I was sitting in the lobby of a hotel in Cairo when a man came up to me. He commented on what I was wearing, suggesting that I wear red more often.
I was used to this. Egyptian culture, unlike the culture that I grew up in, encourages men to have opinions about things like the colors that women wear. Men will accompany their wives to makeup counters, and even go alone to department stores to purchase high-end cosmetics and perfume for their wives, mothers, and sisters.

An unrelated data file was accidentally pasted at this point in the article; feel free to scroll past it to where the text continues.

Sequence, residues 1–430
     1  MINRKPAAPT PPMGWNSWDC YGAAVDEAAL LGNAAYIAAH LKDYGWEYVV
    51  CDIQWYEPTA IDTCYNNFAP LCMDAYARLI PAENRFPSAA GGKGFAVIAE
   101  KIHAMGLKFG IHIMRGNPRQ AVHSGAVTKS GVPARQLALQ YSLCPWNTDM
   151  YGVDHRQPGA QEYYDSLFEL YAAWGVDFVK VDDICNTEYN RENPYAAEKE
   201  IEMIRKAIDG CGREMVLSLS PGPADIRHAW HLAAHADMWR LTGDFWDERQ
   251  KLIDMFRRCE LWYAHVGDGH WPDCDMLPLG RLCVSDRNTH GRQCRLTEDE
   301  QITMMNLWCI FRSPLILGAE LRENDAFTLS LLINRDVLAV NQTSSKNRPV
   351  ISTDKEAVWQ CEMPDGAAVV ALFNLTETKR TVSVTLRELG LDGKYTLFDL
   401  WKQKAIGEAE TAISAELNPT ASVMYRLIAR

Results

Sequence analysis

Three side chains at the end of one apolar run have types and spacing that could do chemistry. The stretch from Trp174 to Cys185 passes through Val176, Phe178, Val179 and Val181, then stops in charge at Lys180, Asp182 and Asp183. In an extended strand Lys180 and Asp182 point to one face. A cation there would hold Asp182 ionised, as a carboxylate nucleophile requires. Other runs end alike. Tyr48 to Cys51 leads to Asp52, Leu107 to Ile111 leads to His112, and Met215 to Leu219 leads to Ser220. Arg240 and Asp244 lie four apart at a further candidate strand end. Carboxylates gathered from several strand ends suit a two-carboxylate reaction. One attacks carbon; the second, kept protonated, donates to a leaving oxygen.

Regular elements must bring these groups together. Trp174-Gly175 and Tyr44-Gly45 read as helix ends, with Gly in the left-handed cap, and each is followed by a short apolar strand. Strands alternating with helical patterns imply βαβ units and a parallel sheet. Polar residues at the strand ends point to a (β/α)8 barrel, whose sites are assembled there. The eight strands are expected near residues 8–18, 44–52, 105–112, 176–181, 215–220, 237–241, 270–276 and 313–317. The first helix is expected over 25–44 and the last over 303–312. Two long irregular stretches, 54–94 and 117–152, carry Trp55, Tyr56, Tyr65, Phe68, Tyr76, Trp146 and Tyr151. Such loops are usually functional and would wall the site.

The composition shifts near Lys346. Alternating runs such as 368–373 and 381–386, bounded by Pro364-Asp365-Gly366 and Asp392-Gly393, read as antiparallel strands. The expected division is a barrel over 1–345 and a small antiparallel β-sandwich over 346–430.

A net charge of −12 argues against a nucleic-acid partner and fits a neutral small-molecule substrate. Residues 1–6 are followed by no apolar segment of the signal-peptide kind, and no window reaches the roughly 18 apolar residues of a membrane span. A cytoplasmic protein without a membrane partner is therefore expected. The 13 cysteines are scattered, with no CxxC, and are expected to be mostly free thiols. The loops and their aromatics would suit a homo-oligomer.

We fell into conversation. His English was excellent. As we spoke, he mentioned Islam and asked if I was married. I was used to this, too. Muslim men in Cairo – even married Muslim men – would often approach single women and flirt with or proposition them. A common line was “I should take you as my second wife.” It was always a bit jarring to me, as an American woman, to have men approach me in an obviously lusty, flirtatious way when they were already married. But this particular man in the lobby had not yet married. He was planning on working a few more years before he did so. Continue reading